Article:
Odd questions: Asking odd questions such as; “How are your communication skills” – when the interviewer asking this clearly doesn’t possess any themselves. This is something I have seen over and over; why ask a candidate for something you as an interviewer or employer do not possess? Another odd question not to ask during interview; “Are you suitable for this job; based on your CV you are over-qualified”.  A) This is not a bad thing and can bring a new perspective to the role or new skills into a company; it makes me wonder if the interviewer asking this one is actually insecure about their own skill level. B) The employer obviously hasn’t read the candidates CV before the interview; bad prep! Either way; the candidate is there at the interview because they actually want the job. As an employer ensure you have the best interviewers interviewing the candidates.

Another complete discourtesy is when the interviewer pays no attention to the candidate’s responses or their presentation. This is plain and simple rude behaviour. Why ask a candidate to interview if you as an employer haven’t intended to give them a fair chance? It might have been a long day, they might be the last candidate but this type of behaviour is unforgivable on every level, and demonstrates your lack of merit as an employer.

Give them the info: Another no is allowing a candidate to leave the interview without clarifying their duties, salary, benefits, work hours and also the response time for the interview decision to be made. Candidates may feel unsure if they should ask any of this information at interview, so as an employer you should make these things very clear to them; keep them informed.

Providing zero feedback: Employers should always provide feedback to their unsuccessful candidates, if they don’t it is sloppy and insincere; stinking of a nonsense reason for not hiring that candidate. An email won’t cut the mustard either, call each candidate who attended the interviews and explain why they were unsuccessful. They took the time to be there and to prepare so you should show some common courtesy to them.

Another element to consider regarding the interview process is; stop setting candidates up to fail. Remember it might have been 100 years since your last interview, but the thing is to put yourself in the candidate’s shoes. Interviews are stressful and unnatural situations; how often do you sit in a room with complete strangers and tell them your whole life history, er, never! Have some respect it takes courage and effort to sit there and often be grilled by interviewers with a sense of humour by-pass. Have some thought for those who are trying to impress you.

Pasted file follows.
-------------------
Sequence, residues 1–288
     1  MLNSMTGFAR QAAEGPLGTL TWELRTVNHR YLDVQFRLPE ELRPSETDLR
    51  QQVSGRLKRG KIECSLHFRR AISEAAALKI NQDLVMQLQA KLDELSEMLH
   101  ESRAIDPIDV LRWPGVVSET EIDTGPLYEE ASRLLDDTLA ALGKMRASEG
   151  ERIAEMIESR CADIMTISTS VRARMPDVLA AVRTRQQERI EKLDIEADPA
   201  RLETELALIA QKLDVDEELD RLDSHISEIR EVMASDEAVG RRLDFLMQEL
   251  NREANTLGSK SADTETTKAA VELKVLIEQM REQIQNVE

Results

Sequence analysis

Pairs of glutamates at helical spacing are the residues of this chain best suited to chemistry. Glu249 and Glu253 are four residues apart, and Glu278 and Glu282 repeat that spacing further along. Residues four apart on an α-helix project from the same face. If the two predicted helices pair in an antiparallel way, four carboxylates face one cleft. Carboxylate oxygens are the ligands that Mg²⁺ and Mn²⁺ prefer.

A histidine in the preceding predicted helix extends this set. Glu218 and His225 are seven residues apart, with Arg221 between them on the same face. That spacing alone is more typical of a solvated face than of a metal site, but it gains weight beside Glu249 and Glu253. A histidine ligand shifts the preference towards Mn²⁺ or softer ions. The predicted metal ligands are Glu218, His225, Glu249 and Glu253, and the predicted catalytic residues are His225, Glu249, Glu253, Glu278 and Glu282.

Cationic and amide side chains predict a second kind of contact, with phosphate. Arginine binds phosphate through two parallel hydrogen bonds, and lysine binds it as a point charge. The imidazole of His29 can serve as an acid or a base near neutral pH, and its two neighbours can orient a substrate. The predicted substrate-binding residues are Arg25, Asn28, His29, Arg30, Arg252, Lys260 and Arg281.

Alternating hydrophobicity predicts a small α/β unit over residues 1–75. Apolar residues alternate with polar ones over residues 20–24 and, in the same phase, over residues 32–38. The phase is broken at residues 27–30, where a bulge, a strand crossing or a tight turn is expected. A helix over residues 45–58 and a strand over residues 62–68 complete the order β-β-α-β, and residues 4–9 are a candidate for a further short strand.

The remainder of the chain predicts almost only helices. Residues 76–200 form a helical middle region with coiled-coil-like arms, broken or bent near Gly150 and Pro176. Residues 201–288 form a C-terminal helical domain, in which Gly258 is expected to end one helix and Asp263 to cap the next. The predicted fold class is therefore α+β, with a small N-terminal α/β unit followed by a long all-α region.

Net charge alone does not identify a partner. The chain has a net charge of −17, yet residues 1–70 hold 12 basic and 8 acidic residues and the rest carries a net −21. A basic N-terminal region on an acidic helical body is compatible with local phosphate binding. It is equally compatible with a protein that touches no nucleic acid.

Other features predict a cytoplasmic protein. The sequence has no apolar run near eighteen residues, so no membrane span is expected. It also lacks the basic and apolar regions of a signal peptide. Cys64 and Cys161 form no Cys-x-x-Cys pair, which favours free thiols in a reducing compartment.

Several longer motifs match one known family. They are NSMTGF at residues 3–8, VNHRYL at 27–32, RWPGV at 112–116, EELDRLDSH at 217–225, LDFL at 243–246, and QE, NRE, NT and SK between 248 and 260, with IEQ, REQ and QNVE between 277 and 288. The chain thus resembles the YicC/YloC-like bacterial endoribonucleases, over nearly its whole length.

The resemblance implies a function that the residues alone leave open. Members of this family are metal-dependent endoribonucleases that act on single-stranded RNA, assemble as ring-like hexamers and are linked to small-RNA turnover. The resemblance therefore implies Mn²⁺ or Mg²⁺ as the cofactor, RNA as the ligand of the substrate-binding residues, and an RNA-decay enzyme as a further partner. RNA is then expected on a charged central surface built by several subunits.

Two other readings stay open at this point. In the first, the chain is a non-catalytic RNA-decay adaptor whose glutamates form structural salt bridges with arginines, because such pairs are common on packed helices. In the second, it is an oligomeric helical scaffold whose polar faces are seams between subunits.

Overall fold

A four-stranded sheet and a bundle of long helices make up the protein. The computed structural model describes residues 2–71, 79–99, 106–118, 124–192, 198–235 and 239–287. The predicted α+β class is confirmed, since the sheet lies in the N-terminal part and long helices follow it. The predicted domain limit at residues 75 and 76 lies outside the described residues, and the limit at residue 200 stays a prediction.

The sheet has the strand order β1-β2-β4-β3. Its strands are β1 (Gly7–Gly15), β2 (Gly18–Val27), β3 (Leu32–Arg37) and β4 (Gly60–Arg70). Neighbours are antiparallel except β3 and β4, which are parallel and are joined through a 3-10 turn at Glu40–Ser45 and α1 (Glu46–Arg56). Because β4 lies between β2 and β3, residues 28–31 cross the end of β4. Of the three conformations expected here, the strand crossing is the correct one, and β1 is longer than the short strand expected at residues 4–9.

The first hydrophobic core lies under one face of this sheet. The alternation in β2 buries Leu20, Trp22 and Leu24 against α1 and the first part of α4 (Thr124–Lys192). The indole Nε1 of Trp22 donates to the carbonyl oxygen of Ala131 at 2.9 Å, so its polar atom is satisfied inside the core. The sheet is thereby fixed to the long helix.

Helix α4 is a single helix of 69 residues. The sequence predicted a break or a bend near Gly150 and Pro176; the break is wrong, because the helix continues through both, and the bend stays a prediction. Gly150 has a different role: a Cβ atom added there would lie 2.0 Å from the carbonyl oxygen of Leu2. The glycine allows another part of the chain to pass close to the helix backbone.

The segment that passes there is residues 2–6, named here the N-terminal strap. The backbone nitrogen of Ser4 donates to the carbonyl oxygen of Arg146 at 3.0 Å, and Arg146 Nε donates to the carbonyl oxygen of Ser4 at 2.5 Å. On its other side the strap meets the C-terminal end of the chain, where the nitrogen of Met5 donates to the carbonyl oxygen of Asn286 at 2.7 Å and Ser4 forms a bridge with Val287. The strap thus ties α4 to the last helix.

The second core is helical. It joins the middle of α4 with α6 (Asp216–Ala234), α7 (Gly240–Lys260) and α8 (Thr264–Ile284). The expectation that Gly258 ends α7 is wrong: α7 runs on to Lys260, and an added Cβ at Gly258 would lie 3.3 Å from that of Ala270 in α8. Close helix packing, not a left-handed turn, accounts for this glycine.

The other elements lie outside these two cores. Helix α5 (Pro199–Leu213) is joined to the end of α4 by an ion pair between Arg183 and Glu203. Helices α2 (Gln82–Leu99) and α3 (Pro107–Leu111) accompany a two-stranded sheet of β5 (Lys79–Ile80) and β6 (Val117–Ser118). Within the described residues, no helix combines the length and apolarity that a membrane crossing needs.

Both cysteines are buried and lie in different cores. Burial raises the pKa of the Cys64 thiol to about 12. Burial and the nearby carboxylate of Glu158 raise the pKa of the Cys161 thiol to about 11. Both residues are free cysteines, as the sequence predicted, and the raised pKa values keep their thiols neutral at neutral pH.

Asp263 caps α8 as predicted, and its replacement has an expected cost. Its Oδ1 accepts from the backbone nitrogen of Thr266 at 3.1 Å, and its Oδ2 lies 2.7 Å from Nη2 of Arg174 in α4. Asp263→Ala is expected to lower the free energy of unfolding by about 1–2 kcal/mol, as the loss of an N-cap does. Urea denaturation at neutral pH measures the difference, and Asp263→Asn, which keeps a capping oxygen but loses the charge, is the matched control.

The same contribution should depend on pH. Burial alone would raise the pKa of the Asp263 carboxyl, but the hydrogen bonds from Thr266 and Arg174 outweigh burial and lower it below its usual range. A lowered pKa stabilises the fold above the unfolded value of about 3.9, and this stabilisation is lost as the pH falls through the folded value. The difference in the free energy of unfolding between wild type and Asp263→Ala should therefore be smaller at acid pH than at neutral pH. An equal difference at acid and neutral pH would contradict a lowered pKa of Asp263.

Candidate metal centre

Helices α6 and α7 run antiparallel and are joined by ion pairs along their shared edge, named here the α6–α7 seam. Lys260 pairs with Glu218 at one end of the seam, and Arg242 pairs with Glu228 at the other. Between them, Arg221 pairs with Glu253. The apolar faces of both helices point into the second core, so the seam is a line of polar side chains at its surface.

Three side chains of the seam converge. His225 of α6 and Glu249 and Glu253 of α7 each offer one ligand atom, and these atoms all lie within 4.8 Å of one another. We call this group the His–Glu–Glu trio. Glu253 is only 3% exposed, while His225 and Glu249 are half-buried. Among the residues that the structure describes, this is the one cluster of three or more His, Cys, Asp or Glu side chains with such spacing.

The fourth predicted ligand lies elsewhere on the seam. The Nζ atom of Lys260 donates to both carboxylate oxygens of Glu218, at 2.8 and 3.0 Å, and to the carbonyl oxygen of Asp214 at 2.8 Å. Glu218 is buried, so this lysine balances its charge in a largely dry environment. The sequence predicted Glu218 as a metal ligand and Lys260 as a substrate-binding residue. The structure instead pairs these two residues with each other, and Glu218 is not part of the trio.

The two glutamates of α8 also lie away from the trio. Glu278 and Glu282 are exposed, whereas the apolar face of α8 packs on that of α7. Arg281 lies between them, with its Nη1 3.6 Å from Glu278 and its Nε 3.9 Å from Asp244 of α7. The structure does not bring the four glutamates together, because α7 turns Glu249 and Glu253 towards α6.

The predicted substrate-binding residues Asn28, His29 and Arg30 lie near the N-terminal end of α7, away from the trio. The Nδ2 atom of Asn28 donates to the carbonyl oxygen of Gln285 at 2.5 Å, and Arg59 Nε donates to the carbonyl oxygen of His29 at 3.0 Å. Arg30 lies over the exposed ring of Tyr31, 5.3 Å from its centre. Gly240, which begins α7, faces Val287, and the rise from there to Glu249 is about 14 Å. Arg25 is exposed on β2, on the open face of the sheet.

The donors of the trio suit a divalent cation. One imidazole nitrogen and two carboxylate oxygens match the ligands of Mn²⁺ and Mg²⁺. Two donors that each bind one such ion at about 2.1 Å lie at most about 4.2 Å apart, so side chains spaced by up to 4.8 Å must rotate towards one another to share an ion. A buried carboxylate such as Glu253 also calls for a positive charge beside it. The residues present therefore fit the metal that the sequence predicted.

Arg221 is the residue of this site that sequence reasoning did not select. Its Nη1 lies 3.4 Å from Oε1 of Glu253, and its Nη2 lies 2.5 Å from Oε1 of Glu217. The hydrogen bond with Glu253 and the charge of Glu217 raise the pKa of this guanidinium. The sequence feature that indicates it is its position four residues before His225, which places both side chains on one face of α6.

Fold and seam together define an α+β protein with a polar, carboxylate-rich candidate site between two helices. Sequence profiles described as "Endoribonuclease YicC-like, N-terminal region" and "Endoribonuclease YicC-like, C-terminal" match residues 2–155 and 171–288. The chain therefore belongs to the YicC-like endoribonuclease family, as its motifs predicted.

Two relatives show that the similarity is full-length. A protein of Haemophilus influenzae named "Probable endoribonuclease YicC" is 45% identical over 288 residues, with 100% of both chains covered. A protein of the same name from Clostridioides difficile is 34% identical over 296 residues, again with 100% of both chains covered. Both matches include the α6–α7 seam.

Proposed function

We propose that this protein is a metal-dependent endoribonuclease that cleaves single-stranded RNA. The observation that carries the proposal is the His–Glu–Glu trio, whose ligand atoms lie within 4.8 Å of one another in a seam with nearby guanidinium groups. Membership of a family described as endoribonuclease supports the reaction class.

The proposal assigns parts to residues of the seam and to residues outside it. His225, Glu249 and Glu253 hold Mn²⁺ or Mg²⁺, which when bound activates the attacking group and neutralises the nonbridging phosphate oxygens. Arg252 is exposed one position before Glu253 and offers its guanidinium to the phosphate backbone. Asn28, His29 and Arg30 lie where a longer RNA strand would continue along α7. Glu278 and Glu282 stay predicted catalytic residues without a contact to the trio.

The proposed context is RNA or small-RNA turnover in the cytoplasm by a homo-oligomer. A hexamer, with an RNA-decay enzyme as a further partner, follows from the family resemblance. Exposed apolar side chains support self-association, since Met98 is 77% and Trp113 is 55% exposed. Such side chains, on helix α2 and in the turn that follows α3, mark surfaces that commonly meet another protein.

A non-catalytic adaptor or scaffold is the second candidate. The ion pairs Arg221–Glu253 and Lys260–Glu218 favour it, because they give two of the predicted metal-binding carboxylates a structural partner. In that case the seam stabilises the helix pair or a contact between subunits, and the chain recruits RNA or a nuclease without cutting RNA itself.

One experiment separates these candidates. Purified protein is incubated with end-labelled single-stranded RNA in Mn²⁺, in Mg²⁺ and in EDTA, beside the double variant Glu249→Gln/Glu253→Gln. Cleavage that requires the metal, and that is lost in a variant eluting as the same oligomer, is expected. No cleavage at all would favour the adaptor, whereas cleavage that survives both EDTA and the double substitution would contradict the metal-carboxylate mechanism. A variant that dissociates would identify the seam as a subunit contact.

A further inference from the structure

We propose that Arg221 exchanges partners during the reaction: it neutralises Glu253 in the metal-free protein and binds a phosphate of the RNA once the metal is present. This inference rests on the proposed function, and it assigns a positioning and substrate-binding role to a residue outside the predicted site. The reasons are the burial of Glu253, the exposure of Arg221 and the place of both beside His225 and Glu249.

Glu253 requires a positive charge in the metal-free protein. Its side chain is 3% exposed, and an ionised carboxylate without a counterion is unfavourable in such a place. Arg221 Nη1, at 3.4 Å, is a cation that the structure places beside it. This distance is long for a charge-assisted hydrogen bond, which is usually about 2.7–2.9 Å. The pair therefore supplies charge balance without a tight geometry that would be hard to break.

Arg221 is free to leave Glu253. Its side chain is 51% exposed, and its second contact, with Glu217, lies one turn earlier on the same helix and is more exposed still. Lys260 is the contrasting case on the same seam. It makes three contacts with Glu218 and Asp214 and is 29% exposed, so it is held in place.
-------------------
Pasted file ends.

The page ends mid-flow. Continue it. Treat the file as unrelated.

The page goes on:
8)Nepotism: this can be related to the interview process also; often it isn’t a case of what you know but who you know. I have seen many well suited and qualified candidates being refused a job, with very little understanding as to why – making me wonder whether the more a candidate has to offer the less likely they are to secure a job. First impressions you might say, but I call this face fits and it can refer to a case of nepotism. The employers colleague, friend, relative, neighbour already has the job and the interview process was a formality to ensure employment laws are not breached. Remember that the best suited candidate, IE the one who matches your requirements as set out on the job description and person specification is the one you should be hiring. Regardless of whether you like their hairstyle or not; otherwise this is a breach of employment law, and is called discrimination.

I have been told of many stories that point to nepotism. Someone I knew secured a job when a long serving staff member decided to leave that particular company and go elsewhere. This particular person then returned within about a month to ask for their job back, because they hated their new job. The person I knew was then turfed out under some nonsense excuse and the ex-staff member walked right back into their job. Again they were working through their probationary period, and couldn’t prove that their dismissal was due to the other staff member returning and asking for their job back, but it was the reason and everyone who worked there knew it.  I think that this is the biggest waste of a candidate’s time and effort, not to mention rude, patronising and completely unfair.

9)Probation period: the first 6 months of any new employment is often termed the probationary period. Candidates who become new starters have to diligently prove their suitability for the role within this period. Fine, OK, but it is very often that the employer holds all the cards during this period.